In a regular session, the legislature proposes and the governor disposes. It is the same in a special session, but the initiation is where it differs because the governor decides when the legislature is called back and that is a leverage point. In 1998, Governor Arne Carlson (R-MN) waited three weeks before he called the legislature back. In 2010, Governor Tim Pawlenty (R-MN) the legislature was called back the next day to pass the budget and bills that were finally agreed upon. In 2011, Governor Mark Dayton (DFL-MN) held off until 3 weeks after the start of the new fiscal year to call the legislature back into session while state parks and non-essential state services were closed.
So, timing becomes important and looking reflectively at other special sessions we can see how different approaches occurred.
The different perspectives we have in divided government create a contextual conflict because since each side has its own election certificates, they feel emboldened by their philosophies that got them where they are. Republicans as the anti-government party like to prove the government is inefficient and not as productive as the private sector. DFLers who carry the support of many of the state’s labor unions, particularly, AFSCME, MAPE and Education Minnesota which have interests in ensuring employees are duly compensated for their work and the workplace a is a safe and constructive environment.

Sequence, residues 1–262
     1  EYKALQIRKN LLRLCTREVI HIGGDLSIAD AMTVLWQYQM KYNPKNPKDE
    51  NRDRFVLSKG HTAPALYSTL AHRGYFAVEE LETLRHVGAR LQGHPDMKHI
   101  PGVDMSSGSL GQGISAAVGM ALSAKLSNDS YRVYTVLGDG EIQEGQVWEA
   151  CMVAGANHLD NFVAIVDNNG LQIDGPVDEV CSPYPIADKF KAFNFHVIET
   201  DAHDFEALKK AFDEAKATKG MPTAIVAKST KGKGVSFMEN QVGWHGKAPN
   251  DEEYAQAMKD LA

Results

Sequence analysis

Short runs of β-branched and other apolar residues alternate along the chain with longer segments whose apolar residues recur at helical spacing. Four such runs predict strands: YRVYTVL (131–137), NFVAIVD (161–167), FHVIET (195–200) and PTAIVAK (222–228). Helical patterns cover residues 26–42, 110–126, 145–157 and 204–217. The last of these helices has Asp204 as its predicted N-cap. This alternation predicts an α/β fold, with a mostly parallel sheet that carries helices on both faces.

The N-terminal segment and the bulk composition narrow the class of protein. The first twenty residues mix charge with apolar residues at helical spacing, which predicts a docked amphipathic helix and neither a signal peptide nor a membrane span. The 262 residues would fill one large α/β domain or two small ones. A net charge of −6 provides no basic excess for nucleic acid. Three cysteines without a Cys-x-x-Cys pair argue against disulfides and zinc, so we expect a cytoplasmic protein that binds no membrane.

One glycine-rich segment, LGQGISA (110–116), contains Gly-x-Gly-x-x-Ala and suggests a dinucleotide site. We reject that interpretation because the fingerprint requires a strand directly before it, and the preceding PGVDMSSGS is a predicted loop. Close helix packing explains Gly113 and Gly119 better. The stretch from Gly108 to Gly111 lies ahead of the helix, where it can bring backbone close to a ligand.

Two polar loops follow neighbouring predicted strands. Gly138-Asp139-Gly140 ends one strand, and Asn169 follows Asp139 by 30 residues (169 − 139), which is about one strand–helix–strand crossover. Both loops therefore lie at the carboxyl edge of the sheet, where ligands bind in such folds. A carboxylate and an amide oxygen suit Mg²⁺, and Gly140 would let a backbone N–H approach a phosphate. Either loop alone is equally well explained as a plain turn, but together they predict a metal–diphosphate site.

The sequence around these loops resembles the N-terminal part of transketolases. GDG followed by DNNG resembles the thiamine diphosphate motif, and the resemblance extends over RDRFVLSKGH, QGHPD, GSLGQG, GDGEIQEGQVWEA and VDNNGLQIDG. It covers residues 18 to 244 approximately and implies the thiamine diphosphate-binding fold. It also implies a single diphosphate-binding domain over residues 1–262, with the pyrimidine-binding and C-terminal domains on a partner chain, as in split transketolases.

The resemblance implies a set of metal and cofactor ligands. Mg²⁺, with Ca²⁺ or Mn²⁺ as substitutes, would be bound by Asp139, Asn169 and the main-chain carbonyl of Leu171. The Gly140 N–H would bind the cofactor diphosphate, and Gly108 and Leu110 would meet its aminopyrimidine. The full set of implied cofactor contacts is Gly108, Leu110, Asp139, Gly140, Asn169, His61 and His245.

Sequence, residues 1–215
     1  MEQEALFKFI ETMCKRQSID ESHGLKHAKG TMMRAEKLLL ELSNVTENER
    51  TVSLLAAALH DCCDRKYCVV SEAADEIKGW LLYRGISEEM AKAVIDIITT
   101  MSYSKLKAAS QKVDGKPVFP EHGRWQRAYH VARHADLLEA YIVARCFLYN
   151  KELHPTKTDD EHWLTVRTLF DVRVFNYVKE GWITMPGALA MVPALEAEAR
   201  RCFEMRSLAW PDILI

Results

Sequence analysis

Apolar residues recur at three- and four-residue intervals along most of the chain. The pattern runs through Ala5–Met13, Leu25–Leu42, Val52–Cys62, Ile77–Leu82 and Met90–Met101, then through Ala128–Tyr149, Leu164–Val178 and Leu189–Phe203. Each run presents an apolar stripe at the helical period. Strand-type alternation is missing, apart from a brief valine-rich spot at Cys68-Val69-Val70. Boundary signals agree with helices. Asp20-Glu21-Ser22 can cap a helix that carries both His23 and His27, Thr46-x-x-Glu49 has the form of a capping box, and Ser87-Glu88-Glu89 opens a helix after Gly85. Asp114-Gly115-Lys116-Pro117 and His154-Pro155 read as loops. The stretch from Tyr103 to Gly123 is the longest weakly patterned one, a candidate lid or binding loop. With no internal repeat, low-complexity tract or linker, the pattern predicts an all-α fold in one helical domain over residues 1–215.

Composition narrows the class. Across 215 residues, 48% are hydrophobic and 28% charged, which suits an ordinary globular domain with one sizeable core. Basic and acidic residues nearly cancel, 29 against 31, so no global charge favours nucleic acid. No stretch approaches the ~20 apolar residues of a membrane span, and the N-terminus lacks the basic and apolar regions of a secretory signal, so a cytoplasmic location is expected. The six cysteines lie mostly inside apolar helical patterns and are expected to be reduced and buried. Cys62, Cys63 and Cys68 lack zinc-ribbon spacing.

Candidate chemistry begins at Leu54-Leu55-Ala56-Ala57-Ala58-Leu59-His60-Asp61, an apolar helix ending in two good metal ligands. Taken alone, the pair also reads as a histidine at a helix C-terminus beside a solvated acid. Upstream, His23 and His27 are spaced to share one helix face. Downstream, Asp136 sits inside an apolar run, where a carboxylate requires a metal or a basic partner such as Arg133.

The philosophical differences between the parties is where the tension exists. Republicans seek to stem growth in the public sector and create structural impediments to allowing the government to flourish. While DFLers seek a means to respect the work from the public sector and create more effective models for the delivery of public services. These perspective differences set the stage for the fundamental disagreement.
Right now, the likelihood of a special session is higher than the legislature finishing on time, but there still are three more days for the work to be done.
Defining Success Legislative Style
Because Minnesota has divided government there are two distinctively different manners of defining success. Republican success will be defined if they hold down governmental spending and establish limits on future growth areas, while DFLers will trumpet improvements in the delivery of services and then a number of people helped by government moving forward.